A significant change in the prescription of appropriate drugs by village doctors was observed in the intervention area. There was an increase in appropriate treatment practices in the control group as well. An increase in the prescription of harmful drugs was observed in both the intervention and comparison groups. However, the increase was smaller for the intervention area.  Interestingly, there has been a decline in inappropriate drug choices or prescribing patterns for both areas. Prescriptions containing appropriate choices of drugs in combination with unnecessary or inappropriate drugs were observed to have decreased in both areas. The proportion of prescriptions containing harmful and inappropriate choices of drugs, either in combination with appropriate drugs or not, for the selected illnesses decreased from 94.3% to 87.2% in the intervention group in comparison to 92.8% from 89.9% in the control group in the final phase of the intervention.

The significant finding that the prescription of appropriate choices of drugs for the three health conditions has increased in the group of village doctors who had received training on what to do and what not to do for the 11 common diseases is encouraging. The increase in appropriate practices was also observed in the comparison group of village doctors which might have been the consequences of spill over effects. However the increase in harmful practices in both the areas was not an anticipated consequence of the intervention. Since the livelihoods of village doctors depend on the profit from the medicine they are able to sell, refraining from prescribing or selling harmful drugs, which are known to have higher mark-up prices represent financial loss to the informal healthcare providers in the study. The reasons why harmful drugs are prescribed  may be explained by the financial motives and the VDs as human beings making rational choices are expected to maximize their earning potential. However, if they had been convinced that adhering to treatment guidelines would increase their client base and increase the possibility of earning more than the prescriptions of harmful drugs, then the impact on harmful drugs might have been different.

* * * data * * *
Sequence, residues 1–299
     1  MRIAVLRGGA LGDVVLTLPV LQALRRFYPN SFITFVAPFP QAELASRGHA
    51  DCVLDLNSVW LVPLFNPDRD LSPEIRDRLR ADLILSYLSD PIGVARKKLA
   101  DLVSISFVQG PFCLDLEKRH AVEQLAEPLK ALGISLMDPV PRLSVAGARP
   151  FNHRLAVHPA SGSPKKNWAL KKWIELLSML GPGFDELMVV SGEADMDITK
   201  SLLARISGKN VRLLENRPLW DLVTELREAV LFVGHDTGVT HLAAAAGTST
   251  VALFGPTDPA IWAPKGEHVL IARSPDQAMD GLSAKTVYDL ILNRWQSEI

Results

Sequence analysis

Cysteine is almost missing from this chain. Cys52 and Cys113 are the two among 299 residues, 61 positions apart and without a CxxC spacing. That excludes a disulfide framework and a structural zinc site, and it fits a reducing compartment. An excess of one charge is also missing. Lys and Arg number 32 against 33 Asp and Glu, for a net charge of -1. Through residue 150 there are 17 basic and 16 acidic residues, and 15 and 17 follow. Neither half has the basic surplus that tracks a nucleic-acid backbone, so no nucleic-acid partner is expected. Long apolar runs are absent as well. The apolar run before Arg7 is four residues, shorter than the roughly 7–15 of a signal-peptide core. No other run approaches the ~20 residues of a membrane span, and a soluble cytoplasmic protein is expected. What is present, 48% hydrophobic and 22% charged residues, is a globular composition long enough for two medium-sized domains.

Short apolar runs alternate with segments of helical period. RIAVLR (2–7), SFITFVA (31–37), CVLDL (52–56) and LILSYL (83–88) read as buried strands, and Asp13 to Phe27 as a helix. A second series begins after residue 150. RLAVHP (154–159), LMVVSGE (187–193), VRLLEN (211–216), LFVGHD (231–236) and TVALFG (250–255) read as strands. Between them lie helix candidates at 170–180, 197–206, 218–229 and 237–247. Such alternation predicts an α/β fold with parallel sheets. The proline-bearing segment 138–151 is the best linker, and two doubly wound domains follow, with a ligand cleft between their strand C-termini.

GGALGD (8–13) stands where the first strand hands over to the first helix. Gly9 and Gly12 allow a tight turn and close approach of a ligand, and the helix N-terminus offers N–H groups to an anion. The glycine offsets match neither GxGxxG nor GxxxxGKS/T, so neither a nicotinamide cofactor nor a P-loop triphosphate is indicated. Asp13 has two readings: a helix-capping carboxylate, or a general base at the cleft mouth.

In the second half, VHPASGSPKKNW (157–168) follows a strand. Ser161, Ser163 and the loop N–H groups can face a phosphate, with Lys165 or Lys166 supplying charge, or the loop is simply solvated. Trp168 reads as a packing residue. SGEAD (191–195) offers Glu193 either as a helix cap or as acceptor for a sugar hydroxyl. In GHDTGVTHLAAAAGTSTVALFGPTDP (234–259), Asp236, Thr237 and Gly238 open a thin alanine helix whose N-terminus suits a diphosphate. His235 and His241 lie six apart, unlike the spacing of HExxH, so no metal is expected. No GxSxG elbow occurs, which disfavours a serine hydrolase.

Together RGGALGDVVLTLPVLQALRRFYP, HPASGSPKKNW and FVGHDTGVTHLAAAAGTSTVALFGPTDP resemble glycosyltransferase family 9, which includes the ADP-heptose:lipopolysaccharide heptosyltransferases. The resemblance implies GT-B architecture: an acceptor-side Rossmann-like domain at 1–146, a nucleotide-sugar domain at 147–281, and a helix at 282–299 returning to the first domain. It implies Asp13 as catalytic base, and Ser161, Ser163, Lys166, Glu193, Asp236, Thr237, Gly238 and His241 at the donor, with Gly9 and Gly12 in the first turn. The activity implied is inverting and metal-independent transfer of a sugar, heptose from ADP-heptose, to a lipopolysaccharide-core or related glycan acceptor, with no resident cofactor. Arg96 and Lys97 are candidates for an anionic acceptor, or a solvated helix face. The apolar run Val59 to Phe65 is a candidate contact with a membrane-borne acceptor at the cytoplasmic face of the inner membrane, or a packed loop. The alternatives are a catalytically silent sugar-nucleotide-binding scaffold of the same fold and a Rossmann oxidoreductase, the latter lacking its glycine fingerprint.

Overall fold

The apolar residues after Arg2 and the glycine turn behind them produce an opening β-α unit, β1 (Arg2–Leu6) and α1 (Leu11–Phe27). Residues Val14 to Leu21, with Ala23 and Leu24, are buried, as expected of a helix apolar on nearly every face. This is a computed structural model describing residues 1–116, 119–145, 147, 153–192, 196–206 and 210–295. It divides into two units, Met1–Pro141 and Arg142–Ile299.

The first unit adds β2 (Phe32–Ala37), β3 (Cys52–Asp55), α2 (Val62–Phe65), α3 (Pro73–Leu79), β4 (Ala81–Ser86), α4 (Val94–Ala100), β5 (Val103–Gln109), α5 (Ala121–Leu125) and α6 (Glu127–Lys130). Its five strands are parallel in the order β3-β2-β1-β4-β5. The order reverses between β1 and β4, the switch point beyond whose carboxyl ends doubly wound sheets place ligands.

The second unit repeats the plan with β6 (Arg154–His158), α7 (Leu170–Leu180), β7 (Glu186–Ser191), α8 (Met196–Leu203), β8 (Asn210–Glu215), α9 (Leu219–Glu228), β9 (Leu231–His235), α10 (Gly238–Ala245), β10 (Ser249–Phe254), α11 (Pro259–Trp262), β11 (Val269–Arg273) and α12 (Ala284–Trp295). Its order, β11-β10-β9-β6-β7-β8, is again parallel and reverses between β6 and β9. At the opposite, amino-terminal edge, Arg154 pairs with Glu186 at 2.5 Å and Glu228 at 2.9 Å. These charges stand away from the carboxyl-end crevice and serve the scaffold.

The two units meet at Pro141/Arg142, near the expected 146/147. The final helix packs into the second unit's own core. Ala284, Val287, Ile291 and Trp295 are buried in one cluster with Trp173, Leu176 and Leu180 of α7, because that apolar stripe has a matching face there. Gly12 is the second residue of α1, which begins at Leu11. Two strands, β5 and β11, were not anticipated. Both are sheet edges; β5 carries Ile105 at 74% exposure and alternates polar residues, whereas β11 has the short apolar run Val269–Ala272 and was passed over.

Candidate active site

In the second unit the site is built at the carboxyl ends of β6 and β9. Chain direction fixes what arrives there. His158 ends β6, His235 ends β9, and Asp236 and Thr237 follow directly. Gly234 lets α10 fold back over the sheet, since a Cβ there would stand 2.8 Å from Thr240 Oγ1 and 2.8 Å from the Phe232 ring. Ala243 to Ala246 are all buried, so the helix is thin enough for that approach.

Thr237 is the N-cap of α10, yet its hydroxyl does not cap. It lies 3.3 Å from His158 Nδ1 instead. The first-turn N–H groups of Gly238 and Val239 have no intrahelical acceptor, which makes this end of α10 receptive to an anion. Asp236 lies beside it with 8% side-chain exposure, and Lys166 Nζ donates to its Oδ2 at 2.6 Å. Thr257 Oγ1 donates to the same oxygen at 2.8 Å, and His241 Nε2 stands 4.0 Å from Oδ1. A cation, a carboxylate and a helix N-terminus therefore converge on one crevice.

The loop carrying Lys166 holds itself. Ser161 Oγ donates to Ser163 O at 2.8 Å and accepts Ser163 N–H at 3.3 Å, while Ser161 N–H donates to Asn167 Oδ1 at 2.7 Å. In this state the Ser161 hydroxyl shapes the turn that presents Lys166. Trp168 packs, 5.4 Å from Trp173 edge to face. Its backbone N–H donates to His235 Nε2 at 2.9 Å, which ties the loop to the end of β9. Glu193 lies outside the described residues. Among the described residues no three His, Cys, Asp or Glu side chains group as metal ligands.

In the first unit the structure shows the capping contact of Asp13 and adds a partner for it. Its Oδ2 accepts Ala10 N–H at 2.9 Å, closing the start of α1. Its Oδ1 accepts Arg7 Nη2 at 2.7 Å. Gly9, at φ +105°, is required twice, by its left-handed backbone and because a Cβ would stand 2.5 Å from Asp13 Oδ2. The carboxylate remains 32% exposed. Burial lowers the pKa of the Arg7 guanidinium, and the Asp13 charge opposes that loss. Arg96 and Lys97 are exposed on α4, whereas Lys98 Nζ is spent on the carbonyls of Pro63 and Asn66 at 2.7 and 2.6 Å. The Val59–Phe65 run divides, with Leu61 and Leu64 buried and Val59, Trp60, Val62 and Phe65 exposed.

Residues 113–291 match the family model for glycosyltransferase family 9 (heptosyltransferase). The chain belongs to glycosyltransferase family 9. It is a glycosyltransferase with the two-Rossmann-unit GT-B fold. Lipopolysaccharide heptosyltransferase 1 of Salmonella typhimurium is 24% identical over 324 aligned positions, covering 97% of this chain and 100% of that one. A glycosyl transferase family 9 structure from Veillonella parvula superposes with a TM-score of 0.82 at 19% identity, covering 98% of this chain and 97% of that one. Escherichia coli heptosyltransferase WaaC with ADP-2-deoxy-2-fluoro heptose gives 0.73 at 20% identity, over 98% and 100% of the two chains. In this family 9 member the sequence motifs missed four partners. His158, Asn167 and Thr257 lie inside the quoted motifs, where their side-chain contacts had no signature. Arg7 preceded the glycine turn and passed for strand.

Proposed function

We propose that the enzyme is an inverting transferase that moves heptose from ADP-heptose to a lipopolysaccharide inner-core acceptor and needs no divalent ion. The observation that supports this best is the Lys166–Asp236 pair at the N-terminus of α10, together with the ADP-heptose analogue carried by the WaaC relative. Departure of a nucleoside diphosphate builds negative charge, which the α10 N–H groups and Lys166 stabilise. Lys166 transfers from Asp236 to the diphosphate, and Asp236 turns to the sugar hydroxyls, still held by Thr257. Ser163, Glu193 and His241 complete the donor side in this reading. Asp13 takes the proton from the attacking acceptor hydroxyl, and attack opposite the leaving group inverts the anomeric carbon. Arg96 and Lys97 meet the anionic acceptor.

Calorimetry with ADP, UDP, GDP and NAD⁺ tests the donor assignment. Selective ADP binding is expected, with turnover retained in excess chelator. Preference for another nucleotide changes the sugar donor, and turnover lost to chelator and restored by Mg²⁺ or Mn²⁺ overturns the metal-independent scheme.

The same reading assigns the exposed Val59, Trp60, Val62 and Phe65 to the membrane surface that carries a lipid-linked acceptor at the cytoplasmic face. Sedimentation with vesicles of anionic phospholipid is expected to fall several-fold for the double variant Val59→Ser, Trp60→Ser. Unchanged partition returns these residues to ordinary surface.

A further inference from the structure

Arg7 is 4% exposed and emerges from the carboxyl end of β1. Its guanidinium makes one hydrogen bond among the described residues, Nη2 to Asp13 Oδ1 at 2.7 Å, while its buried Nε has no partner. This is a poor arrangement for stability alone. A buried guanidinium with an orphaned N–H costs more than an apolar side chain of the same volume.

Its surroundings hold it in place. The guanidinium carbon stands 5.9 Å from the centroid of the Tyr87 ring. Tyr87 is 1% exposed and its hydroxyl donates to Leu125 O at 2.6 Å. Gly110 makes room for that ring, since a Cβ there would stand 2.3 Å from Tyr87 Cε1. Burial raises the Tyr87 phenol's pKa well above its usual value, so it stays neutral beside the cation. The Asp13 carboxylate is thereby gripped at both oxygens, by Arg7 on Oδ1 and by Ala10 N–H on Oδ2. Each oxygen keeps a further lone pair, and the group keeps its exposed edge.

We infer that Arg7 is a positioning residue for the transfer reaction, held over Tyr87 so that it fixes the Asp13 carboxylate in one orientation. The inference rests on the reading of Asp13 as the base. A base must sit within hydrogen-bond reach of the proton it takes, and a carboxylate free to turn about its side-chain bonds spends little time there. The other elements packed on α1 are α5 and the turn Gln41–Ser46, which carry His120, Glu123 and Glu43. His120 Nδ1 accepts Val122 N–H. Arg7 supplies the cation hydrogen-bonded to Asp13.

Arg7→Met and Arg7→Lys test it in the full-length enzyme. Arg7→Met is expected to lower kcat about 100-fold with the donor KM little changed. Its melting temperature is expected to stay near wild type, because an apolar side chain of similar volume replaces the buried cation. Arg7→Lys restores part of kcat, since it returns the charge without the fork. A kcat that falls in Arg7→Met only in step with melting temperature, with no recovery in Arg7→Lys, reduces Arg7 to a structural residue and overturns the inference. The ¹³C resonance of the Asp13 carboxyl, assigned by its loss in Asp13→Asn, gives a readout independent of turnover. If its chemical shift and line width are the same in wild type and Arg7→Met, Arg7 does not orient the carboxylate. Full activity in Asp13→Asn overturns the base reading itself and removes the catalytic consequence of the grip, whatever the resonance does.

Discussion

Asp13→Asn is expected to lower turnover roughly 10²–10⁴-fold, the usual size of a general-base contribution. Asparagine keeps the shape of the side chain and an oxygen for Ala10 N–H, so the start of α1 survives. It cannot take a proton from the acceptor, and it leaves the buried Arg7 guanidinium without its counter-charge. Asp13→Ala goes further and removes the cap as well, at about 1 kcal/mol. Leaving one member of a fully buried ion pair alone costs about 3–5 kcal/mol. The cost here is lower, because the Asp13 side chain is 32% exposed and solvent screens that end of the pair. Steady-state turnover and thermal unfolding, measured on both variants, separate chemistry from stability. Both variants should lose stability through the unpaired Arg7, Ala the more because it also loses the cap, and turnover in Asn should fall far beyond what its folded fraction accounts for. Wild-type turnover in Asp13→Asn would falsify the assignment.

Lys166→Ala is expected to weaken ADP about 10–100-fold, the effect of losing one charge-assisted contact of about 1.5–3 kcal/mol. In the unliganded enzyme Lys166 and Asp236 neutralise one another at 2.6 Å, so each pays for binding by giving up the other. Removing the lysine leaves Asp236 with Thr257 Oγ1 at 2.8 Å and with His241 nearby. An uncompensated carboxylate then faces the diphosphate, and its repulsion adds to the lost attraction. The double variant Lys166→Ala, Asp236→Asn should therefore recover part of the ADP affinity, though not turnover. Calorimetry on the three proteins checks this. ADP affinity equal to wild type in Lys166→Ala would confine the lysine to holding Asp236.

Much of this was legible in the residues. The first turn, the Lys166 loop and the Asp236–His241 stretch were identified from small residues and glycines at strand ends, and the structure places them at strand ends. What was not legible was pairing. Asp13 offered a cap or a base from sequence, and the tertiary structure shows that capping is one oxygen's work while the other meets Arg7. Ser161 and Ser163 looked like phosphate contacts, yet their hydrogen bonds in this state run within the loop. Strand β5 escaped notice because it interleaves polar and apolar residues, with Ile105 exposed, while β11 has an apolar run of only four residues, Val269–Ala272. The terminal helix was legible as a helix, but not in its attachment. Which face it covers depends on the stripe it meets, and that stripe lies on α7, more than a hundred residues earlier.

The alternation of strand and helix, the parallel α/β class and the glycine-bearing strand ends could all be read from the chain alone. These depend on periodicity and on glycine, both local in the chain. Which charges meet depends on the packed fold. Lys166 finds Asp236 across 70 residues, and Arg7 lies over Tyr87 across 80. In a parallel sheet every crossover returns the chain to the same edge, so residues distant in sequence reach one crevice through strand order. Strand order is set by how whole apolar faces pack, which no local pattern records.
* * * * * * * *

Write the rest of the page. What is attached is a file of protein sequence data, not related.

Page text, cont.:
The study has shown that training and branding has acceptability among village doctors although their behaviour has had no drastic changes due to the lack of financial incentives. The ShasthyaSena intervention has also resulted in a change in the attitude of the government toward informal healthcare providers.

Future directions include pursuing branding and social franchising mechanisms and marrying them to new technologies such as the “health box”. This will show and guide the informal healthcare providers how to treat and manage many common illnesses through the use of computer-based diagnostic algorithms. These components together will create a brand with serious content that is attractive to village doctors and even more attractive to customers through improvements in the quality of care. The intervention will further link village doctors with formal healthcare providers for more complicated illnesses. While over-the-counter drugs can be dispensed by the village doctors themselves, dispensing prescription drugs will be guided by linking them with qualified physicians.  Dispensing of medicines will be part of the profit made by village doctors and will provide them with a financial incentive. All the above activities will be ensured and supervised by the project. If acceptability and efficacy of the intervention can be shown, a stronger case can be made that shows that using informal healthcare providers will be profitable in a country that has a huge shortfall in the health workforce.